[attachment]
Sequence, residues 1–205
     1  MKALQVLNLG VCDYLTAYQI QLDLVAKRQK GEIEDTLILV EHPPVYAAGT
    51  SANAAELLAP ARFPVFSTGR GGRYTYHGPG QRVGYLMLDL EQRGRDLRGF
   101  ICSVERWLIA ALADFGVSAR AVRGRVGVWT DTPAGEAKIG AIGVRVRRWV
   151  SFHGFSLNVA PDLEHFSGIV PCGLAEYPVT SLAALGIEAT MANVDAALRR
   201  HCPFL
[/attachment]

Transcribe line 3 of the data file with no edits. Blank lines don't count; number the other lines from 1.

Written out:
    51  SANAAELLAP ARFPVFSTGR GGRYTYHGPG QRVGYLMLDL EQRGRDLRGF